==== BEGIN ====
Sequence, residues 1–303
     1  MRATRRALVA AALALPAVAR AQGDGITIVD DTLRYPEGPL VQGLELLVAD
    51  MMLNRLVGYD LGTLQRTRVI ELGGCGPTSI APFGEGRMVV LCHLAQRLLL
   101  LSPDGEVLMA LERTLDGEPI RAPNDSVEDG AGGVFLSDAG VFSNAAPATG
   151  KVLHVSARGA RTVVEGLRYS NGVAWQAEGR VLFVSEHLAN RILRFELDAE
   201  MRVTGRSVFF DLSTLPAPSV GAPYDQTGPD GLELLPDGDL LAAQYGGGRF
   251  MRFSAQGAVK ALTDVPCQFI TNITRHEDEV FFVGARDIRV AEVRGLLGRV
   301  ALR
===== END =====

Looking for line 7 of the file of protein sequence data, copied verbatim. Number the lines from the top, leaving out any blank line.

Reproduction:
   251  MRFSAQGAVK ALTDVPCQFI TNITRHEDEV FFVGARDIRV AEVRGLLGRV